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Depots, Storage and the “Loan Culture”:

Updated: Apr 30, 2018

How Blockbusters are Negatively Affecting the Carbon

Footprint of the Cultural Heritage Field.


Author : Caitlin Southwick



Image credit: bruynzeel storage

Museums have more objects than they can put on display. This global situation is one

reason that conservators spend so much time and energy discussing proper storage conditions for the 95% of a museum’s collection that will spend its life sitting on a depot shelf (Groskopf, C. QUARTZ, 2016). This trend has developed out of a desire to exhibit only the most prized, unique or attention-grabbing objects to draw in the public. Meanwhile the forgotten objects that most people will never see are hidden away, possibly only briefly leaving their home to pass through the hands of a conservator.


I find it a shame that there are so many beautiful pieces of art that no one will get to

enjoy. As a conservator, you get attached to the objects that you are privileged enough to get to work on and it is always a bit heart-breaking to send an object which you have spent so much time painstakingly caring for back to the depot to sit in the dark.


In the past, museums could display their entire collections, or would rotate their exhibits

to have new objects on display and draw in crowds. Today, with expanding collections, it is no longer possible to display all objects from a collection, and new marketing trends lean towards exhibitions which have a “wow” factor. Museums no longer turn to their own collection to fill voids or create new exhibitions, but instead bring in big ticket items that will attract large audiences. Blockbusters.


This “loan culture” ships priceless and popular objects around the world so that people

who could not otherwise travel to see these objects can enjoy them and museums can attract larger audiences. Big name items such as King Tut’s “Golden King and Great Pharohs Exhibition” make headlines, drawing crowds and boosting financial gains, fulfilling goals of museums and curators ( Sarah Cascone, Artnet News, 2017), (MFAH, 2011), (Jimmy Dunn, Tour Egypt, 2005). This trend not only keeps the storage objects firmly in the depot, but is also creating a vicious cycle of environmental strain.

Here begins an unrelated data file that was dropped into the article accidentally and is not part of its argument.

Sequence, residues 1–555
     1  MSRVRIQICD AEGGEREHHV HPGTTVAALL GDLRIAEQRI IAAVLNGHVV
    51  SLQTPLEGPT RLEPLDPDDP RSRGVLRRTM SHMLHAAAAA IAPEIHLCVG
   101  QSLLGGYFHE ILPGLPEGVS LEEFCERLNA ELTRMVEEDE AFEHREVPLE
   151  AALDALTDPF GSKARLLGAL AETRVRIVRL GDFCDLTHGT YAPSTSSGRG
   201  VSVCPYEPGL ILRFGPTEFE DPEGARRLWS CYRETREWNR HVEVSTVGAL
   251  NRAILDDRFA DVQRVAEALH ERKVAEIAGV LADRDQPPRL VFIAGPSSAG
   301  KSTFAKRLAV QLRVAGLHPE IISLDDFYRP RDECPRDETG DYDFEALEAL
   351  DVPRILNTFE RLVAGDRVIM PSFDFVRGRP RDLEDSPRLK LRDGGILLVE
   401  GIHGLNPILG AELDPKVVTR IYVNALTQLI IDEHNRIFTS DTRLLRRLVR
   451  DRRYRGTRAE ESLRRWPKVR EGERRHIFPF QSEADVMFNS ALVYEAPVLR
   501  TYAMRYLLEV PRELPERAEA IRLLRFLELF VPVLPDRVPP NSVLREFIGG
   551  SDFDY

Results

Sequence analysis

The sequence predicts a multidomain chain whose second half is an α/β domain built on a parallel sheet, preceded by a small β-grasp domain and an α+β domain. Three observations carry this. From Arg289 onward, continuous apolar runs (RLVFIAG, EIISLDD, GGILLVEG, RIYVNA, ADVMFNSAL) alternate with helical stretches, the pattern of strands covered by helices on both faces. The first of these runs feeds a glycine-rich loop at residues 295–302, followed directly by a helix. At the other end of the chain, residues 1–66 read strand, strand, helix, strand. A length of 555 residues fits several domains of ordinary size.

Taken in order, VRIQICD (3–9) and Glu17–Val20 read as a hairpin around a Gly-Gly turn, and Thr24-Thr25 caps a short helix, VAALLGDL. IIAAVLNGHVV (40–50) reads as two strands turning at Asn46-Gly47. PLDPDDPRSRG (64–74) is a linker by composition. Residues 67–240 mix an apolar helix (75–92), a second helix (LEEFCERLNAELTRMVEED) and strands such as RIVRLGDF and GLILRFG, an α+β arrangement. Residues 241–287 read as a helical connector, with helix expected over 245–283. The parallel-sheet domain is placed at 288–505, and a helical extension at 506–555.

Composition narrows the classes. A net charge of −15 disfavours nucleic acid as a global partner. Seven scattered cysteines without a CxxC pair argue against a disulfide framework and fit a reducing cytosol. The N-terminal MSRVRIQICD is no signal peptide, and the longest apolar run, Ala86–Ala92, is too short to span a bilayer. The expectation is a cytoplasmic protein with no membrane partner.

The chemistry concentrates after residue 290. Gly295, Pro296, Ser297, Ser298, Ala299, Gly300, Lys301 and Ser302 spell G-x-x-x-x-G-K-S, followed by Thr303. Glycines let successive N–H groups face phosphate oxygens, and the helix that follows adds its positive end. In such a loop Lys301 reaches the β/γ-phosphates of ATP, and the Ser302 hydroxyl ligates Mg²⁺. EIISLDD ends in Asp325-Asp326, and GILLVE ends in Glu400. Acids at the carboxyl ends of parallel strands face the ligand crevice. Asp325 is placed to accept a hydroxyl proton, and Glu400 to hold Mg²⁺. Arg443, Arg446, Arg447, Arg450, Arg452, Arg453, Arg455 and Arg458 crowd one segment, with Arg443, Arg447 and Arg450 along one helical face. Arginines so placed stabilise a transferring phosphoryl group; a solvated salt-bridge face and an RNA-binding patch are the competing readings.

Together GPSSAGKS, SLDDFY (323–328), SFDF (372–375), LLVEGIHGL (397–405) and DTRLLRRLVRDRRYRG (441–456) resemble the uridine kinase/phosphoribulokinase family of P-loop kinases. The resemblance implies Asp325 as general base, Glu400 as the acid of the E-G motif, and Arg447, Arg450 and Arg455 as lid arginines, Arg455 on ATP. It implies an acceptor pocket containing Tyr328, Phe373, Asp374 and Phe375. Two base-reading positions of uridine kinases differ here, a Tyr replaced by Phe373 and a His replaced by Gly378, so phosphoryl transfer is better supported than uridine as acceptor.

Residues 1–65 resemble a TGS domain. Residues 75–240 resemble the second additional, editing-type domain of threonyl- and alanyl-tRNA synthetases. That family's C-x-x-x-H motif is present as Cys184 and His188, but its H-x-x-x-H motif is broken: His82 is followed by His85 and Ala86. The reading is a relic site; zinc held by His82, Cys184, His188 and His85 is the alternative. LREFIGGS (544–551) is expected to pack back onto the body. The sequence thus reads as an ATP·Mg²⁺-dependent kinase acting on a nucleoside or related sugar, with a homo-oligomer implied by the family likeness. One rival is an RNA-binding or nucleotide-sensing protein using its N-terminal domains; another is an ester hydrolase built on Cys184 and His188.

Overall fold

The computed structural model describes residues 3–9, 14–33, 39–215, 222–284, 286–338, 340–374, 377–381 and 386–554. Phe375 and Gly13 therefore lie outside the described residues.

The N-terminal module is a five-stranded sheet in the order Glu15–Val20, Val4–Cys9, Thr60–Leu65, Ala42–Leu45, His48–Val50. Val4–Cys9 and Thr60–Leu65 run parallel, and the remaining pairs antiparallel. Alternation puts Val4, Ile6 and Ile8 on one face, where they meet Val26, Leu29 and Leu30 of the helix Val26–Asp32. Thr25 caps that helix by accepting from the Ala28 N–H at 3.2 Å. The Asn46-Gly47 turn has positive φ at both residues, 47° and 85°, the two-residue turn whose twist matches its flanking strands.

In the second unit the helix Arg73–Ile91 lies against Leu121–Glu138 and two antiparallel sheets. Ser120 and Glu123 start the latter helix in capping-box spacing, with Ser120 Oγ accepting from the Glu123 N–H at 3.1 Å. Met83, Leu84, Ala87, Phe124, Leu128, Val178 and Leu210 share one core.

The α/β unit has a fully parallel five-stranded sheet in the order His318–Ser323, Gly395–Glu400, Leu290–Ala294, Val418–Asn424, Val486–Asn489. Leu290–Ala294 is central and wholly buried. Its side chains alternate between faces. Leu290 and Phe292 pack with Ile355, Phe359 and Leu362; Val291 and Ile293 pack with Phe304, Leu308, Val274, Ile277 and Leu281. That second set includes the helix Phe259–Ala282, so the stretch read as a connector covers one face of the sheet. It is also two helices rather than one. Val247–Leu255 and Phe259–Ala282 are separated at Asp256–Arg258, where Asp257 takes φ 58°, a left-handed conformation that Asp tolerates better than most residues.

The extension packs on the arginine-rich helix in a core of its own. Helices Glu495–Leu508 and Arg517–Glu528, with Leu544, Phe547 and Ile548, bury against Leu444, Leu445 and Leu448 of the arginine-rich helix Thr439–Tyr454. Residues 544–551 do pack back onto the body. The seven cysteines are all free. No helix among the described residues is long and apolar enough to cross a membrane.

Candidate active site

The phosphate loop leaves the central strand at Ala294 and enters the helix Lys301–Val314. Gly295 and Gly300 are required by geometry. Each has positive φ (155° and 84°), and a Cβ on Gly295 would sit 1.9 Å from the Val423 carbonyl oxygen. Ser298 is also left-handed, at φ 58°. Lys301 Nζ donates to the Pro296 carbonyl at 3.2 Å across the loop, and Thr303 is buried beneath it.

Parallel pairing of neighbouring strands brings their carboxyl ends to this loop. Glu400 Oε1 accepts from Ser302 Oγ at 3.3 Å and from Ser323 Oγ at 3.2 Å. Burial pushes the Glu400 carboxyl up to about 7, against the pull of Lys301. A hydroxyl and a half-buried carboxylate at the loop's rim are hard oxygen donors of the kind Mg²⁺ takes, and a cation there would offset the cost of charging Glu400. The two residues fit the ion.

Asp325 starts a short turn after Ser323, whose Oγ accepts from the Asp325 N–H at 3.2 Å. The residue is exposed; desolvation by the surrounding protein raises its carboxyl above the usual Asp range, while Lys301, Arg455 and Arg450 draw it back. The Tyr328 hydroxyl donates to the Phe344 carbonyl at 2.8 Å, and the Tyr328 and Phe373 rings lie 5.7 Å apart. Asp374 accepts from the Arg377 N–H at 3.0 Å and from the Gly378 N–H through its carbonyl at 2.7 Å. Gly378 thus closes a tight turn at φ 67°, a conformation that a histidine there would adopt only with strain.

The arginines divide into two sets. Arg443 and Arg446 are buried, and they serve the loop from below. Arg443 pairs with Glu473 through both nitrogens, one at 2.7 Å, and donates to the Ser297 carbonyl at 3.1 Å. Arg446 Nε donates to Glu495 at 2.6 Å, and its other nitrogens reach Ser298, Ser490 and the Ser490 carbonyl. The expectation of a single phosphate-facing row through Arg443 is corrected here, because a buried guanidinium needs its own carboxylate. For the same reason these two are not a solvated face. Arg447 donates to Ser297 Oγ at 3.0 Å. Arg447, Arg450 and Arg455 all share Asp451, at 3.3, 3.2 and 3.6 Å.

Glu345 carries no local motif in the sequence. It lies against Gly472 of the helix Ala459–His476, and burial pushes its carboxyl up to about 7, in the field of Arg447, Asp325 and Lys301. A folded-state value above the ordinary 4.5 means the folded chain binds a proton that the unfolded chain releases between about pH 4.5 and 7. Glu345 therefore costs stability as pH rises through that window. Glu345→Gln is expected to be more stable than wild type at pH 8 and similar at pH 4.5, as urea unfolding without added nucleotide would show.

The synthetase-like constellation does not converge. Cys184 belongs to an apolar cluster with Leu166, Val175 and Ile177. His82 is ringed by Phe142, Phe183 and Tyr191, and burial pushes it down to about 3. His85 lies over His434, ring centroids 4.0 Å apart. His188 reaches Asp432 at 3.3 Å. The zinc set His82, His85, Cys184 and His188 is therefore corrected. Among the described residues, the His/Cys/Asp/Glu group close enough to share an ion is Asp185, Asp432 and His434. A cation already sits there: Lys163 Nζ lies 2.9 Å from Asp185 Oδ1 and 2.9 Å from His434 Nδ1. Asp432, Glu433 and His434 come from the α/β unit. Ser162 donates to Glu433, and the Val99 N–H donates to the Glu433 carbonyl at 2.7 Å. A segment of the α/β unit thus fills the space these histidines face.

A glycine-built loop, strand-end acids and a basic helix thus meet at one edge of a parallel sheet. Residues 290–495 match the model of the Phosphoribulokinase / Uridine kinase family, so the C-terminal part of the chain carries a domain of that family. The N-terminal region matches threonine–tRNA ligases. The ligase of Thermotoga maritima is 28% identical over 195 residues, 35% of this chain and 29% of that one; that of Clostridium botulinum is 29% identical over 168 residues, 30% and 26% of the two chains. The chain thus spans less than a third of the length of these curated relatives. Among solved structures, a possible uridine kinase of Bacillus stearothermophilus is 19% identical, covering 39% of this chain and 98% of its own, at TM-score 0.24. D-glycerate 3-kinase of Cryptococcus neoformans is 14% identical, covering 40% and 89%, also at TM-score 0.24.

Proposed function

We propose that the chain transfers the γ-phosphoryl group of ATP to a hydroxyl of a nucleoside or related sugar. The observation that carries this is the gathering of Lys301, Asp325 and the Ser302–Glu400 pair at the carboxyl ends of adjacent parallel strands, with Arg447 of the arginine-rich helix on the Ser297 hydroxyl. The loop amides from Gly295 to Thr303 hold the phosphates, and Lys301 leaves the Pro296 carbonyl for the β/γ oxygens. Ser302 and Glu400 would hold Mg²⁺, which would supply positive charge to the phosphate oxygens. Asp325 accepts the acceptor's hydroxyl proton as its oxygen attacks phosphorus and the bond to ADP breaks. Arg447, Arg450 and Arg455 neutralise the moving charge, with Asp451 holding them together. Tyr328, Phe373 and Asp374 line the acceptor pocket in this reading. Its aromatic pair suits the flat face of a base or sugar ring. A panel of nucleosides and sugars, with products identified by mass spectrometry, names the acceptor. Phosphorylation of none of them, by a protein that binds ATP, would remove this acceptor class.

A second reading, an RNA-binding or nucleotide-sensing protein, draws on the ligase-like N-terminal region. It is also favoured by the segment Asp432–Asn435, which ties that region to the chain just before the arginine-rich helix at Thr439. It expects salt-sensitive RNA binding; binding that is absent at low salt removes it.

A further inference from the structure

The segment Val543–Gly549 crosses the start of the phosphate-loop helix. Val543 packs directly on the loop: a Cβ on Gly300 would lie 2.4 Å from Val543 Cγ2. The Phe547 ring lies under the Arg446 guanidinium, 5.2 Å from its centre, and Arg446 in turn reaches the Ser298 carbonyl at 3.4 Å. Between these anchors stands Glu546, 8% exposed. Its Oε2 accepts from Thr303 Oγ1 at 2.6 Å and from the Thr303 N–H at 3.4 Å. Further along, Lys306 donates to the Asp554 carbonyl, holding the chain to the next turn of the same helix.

More objects need larger storage facilities, and more global exhibitions which are

shipped all over the world have created the most unsustainable aspects of the cultural heritage field: packaging, shipping and storage. The incredible amount of waste produced by creating one-time- use packaging and crates, all of the energy and fuel used to ship objects all over the world and the extra energy museums have to consume to comply with strict environmental control regulations make loans one of the most carbon heavy activities of the museum and cultural heritage sector today.


The rest of the museums’ collection, in the meantime, are growing larger and larger as

more objects are acquired. These objects need to be put into storage if they are not going on display, requiring museums to build larger and larger storage facilities.


As more objects are put into collections, and fewer are actually put on display, it seems

that we have fallen into a vicious cycle. More energy is needed to protect more objects which will remain in storage while the top 5% of the art considered the most valuable gets shipped around the world. This is not a sustainable way to manage museums.


While this problem is recognized, it is difficult to find solutions that fit the needs of all

stakeholders. So, what do we do? Companies are beginning to invest in new, reusable multi-purpose crates. Museums have discussed coordinating deliveries to save fuel. Lighting and climate control issues are being discussed (Museums & Galleries Queensland, 2014). Museums are looking to build more sustainable storage facilities (British Museum, 2017). Preventative conservation is even going so far as to relax stringent control regulations to minimize HVAC usage or finding alternative solutions for climate control. But the problems still far outweigh the solutions. So, I ask: what is the price we are paying? Should we reconsider the loan culture?


References

https://qz.com/583354/why-is- so-much- of-the- worlds-great- art-in- storage/

http://www.magsq.com.au/_dbase_upl/APracticalGuideforSustainableClimateControlandLightin

ginMuseumsandGalleries.pdf

http://www.britishmuseum.org/about_us/the_museums_story/new_centre/explore_the_centre/bio

diversity__sustainability.aspx

https://news.artnet.com/exhibitions/king-tut- 100th-anniversary- world-tour- 1164650

https://www.mfah.org/exhibitions/tutankhamun-golden- king-and- great-pharaohs/

http://www.touregypt.net/featurestories/tutschedule.htm

https://www.youtube.com/watch?v=QOv631YqaJs&t=19s


Image: https://bruynzeel-storage.com/museum-storage/


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Sustainability in Conservation is an online network providing resources and information about environmentally responsible practices  in art conservation and related fields. Within a practice that produces so much waste, we hope to inspire collaboration and awareness to make cultural heritage a more sustainable profession. 

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